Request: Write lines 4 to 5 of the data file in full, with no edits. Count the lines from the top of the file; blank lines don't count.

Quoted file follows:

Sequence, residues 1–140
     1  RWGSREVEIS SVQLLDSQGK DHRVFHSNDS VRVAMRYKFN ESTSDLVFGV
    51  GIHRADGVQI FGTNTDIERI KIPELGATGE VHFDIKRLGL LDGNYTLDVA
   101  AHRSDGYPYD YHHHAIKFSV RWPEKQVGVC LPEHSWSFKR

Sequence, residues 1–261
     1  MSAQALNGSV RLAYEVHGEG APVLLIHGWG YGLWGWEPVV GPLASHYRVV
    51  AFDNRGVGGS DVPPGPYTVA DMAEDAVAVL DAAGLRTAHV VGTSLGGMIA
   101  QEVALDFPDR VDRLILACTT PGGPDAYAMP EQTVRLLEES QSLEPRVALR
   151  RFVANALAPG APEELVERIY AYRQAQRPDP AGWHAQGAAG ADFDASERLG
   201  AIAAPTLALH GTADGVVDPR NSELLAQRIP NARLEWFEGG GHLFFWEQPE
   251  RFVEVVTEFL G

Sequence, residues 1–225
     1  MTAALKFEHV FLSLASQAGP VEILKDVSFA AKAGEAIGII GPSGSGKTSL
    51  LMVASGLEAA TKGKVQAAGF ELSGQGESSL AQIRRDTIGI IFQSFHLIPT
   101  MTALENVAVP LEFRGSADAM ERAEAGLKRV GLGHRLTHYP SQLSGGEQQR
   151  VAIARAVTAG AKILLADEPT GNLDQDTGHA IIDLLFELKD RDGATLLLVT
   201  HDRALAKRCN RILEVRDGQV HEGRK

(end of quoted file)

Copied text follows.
   101  AHRSDGYPYD YHHHAIKFSV RWPEKQVGVC LPEHSWSFKR

Sequence, residues 1–261